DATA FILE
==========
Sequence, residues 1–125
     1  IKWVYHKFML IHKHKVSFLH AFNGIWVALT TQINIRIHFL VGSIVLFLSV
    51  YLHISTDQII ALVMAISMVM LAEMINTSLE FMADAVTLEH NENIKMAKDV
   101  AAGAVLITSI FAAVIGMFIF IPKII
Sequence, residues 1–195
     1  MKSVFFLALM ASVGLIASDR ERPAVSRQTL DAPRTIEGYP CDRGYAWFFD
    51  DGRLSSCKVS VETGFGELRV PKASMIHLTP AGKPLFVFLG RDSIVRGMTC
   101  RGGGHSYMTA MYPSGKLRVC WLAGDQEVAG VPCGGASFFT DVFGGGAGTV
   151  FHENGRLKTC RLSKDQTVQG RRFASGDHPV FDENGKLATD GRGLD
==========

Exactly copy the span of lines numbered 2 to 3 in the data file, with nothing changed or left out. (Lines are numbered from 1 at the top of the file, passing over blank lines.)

     1  IKWVYHKFML IHKHKVSFLH AFNGIWVALT TQINIRIHFL VGSIVLFLSV
    51  YLHISTDQII ALVMAISMVM LAEMINTSLE FMADAVTLEH NENIKMAKDV